This information is provided by the National Institutes of Health (NIH) Genetic and Rare Diseases Information Center (GARD).
Retinitis pigmentosa (RP) is a group of inherited eye diseases that affect the light-sensitive part of the eye (retina). RP causes cells in the retina to die, causing progressive vision loss. The first sign of RP usually is night blindness. As the condition progresses, affected individuals develop tunnel vision (loss of peripheral vision), and eventually loss of central vision. RP may be caused by mutations in any of at least 50 genes. Inheritance can be autosomal dominant, autosomal recessive, or X-linked. Treatment options to slow the progression of vision loss include light avoidance, use of low-vision aids, and vitamin A supplementation. Researchers are working to develop new treatment options for the future such as gene therapy, stem cell transplantation and prosthetic implants.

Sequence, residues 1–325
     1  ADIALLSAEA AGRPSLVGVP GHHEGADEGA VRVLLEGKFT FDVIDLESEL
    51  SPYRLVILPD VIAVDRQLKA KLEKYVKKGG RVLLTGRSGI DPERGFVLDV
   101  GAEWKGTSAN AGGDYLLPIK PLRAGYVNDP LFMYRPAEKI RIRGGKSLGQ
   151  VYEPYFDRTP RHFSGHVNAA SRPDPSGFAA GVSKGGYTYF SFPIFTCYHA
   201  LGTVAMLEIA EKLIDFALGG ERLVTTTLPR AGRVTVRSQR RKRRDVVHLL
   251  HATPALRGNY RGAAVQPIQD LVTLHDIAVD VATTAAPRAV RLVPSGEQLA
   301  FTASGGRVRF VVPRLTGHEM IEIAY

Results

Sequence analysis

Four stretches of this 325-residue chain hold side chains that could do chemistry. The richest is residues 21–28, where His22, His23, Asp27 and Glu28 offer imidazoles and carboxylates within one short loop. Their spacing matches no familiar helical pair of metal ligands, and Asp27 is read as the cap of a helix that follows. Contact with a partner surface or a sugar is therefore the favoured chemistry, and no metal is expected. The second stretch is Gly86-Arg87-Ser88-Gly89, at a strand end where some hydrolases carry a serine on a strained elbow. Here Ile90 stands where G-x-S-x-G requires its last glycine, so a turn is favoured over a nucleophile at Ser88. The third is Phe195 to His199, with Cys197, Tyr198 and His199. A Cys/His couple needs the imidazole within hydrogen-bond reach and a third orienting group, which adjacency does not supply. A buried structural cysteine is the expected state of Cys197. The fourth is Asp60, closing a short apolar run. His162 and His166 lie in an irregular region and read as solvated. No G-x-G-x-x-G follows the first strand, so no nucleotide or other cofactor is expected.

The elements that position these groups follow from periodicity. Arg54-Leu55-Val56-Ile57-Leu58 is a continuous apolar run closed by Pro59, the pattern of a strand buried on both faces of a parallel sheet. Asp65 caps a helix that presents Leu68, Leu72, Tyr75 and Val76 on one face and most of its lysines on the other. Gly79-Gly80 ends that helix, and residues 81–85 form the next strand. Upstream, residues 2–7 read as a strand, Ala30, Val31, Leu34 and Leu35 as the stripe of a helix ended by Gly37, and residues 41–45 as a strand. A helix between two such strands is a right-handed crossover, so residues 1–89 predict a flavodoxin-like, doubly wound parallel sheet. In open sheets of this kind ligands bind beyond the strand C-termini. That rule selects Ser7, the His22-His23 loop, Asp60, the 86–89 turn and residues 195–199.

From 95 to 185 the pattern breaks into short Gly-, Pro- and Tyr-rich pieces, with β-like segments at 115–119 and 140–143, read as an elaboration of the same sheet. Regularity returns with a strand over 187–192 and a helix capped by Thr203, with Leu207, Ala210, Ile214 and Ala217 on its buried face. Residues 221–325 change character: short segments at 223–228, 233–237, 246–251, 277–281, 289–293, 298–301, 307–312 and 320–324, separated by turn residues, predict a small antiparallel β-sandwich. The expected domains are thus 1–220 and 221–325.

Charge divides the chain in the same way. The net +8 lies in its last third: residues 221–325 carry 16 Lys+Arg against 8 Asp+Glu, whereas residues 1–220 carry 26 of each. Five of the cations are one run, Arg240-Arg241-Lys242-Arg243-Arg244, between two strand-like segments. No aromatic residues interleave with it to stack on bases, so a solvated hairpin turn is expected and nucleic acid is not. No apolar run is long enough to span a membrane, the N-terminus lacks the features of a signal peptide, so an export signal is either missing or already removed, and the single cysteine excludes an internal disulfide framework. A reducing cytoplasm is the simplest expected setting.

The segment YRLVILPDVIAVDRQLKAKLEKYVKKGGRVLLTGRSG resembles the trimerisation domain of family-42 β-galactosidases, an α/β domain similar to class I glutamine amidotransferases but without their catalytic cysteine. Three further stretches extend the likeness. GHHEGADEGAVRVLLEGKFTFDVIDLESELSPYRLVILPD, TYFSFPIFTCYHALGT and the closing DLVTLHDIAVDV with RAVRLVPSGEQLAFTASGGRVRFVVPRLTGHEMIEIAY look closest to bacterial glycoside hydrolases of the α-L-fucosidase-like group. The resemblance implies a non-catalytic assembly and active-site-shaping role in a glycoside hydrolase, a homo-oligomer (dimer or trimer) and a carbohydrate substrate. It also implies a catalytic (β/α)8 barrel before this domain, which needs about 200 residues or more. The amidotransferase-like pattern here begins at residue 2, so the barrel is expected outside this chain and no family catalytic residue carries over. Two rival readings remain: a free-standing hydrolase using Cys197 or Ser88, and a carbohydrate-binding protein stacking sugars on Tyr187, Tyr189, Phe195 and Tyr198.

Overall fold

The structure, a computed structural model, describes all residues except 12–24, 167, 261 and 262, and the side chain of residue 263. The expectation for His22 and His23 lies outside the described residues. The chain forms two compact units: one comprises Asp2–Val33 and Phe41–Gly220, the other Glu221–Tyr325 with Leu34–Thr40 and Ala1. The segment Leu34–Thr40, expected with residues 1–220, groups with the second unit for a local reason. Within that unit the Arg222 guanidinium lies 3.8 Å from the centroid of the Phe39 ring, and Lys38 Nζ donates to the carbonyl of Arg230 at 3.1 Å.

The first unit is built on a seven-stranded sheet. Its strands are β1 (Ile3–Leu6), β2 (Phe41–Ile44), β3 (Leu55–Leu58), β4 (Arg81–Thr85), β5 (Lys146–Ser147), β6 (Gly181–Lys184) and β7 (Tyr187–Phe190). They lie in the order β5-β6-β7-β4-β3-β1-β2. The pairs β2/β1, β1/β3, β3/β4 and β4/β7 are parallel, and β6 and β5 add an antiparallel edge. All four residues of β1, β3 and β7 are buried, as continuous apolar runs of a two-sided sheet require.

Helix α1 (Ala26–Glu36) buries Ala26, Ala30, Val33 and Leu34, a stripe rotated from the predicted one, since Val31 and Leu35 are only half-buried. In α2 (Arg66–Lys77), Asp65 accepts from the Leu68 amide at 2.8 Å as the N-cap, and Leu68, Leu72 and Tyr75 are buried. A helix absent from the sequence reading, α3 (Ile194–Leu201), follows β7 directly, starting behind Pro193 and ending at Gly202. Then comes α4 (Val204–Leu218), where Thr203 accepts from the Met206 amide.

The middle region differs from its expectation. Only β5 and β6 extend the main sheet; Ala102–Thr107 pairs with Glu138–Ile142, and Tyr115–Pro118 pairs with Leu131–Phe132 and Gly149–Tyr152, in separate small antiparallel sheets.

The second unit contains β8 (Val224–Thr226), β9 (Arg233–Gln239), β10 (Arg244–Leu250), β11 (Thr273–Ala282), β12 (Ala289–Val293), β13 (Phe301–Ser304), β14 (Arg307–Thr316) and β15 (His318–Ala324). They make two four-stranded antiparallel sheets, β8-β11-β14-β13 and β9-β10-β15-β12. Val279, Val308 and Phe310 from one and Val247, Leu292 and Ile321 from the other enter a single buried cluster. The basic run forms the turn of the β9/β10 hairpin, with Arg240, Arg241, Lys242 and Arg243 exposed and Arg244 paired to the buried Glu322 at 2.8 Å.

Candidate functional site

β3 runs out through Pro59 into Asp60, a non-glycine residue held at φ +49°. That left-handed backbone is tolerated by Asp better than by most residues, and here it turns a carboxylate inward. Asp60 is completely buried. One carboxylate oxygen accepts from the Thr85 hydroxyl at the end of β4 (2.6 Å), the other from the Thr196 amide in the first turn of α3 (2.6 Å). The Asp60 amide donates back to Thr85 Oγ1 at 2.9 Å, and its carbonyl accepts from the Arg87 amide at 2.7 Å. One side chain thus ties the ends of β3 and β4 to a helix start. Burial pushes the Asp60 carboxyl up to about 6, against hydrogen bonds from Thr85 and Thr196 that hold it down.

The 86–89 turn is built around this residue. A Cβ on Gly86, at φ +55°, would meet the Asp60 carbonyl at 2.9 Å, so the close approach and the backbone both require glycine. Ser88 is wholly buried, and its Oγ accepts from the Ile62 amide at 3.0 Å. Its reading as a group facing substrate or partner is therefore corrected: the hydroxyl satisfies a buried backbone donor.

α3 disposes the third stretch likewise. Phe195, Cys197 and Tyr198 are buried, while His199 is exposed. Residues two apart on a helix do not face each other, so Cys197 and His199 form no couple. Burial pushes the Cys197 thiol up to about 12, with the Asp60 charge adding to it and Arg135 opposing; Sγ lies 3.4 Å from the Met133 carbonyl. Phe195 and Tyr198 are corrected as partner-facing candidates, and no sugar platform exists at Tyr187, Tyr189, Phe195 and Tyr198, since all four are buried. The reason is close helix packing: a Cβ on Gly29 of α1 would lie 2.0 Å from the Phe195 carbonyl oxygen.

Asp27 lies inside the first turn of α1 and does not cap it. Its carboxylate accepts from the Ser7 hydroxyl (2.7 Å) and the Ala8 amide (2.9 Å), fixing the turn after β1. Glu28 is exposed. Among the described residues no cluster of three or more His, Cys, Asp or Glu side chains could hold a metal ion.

For more information, visit GARD.